For EYds, FO simply adjusts each players yardage totals based on the same factors for which it adjusts their DVOA statistic (i.e., opponent, game situation, etc.). In other words, EYds is basically DVOA without the whole "play success" determination that I described on Wednesday.  This is intuitive because both are grounded in the concept that some yards (e.g., rushing yards on 3rd and 20 against DET) are easier to gain than others (e.g., rushing yards on 3rd and 2 against PIT), and therefore that high-difficulty yards should be worth more (i.e., are more efficient) than low-difficulty yards. Because this has the effect of standardizing (aka evening out) game situations for all players at the same position, EYds tells you how many yards a player would be expected to have if he played in average game situations. When a player's EYds is higher than his actual yards, it means that (a) he's been playing in game situations that are more difficult than average, and (b) he's actually been more efficient than his actual yards would seem to suggest. In contrast, the opposite is true when EYds is lower than actual yards.

Just to make EYds as clear as possible, here's a quick example:

Thomas Jones runs for 10 yards on 3rd and 1 against TEN this week, while Willis McGahee runs for 10 yards on 3rd and 10 against CLE this week. Both Jones and McGahee ended up with 10 rushing yards according to the NFL. However, we all know that Jones' 10 yards were more valuable than McGahee's because TEN is the top-ranked run DEF, whereas CLE is the 31st-ranked run DEF. Now, let's say that, on 3rd and 1, TEN's run DEF is 25% better than average (i.e., each rushing yard on 3rd and 1 against TEN's DEF is worth 125%), whereas CLE's run DEF is 25% worse than average (i.e., each rushing yard on 3rd and 1 against CLE's DEF is worth 75%).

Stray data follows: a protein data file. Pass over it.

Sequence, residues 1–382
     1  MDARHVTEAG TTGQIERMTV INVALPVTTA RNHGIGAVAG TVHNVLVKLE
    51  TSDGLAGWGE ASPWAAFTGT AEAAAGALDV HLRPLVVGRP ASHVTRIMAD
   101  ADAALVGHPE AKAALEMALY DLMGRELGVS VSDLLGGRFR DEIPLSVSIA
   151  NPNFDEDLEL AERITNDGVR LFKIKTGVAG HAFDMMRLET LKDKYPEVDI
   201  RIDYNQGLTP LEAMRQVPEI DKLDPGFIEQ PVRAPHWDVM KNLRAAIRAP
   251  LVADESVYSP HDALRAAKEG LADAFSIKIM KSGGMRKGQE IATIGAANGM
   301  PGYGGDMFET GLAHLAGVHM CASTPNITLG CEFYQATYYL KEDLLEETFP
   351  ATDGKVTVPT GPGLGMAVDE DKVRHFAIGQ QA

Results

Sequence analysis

Given these defensive situational stats, Jones' 10-yard run would have been expected to go 12.5 yards against an average run DEF (10 x 12.5 = 12.5), while McGahee's run would have been expected to go 7.5 yards (10 x .75 = 7.5). In other words, Jones' EYds for his run was 12.5, whereas McGahee's EYds for his run was 7.5. Therefore, the fact that Jones' EYds (12.5) is higher than his actual yards (10) accurately shows that (a) Jones' run was in a more difficult game situation, and (b) Jones was more efficient than McGahee. Notice also how going only by actual yards, which is what the NFL provides and pundits always refer to, our conclusion about which RB is better would have incorrectly been, "they're equals." This is precisely the major benefit of relying on EYds instead of actual yards.

OK, enough with the statistics lessons...

By any valid measure, Hill's value and effectiveness through 2 games compares pretty unfavorably to the other starting NFL QBs. With respect to his DYAR, the 49ers' pass OFF would actually be 20 yards better through 2 games if he had been replaced with an average NFL backup. Unfortunately, the Niners don't appear to have an average NFL backup on their roster, at least that's what I think. The kicker is that, even if you consider Alex Smith to be an average backup, Hill's DYAR suggests an improvement of only 20 yards were Smith to be elevated to the starting lineup. And one more thing about Hill's DYAR just to drive the point home: The only starting QBs that are less valuable (i.e., have a lower DYAR) than Hill so far this year are Brady Quinn (aka "1 TD guy"), Jake Delhomme (aka "6 turnovers guy), and Matt Stafford (aka "8 days on the job" guy). That's quite impressive company, indeed.